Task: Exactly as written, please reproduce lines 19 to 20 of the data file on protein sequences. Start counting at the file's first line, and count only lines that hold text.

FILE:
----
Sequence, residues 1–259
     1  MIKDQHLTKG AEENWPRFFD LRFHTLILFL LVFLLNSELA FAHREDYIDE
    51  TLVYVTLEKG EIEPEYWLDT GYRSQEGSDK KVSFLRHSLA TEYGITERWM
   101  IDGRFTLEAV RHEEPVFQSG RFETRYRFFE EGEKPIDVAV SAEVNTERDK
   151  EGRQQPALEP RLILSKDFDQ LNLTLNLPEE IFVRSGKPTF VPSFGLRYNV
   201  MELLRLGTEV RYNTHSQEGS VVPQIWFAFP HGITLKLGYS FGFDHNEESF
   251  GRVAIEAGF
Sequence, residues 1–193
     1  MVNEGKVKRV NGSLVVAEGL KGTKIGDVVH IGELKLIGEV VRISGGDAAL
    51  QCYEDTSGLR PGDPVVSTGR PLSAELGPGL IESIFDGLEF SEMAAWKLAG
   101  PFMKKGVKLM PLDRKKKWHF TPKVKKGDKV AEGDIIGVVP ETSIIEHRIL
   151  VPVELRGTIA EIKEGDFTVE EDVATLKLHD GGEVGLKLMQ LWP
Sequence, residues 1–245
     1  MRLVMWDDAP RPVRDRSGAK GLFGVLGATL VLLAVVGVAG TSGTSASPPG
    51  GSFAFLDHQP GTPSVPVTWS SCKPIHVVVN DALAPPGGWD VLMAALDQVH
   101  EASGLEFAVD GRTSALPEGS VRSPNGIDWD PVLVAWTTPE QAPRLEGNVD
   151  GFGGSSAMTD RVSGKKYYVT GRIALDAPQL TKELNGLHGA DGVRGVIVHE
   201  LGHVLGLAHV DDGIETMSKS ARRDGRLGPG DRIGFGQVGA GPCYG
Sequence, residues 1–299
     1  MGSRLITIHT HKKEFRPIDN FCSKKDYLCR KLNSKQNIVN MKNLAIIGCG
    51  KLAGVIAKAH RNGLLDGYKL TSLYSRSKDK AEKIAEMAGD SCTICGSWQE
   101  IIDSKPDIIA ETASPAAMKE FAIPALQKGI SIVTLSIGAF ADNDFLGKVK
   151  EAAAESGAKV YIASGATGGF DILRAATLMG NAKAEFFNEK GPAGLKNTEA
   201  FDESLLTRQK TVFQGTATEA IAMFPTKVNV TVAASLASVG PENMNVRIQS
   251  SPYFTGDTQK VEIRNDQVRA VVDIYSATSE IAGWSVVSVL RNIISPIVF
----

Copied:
Sequence, residues 1–299
     1  MGSRLITIHT HKKEFRPIDN FCSKKDYLCR KLNSKQNIVN MKNLAIIGCG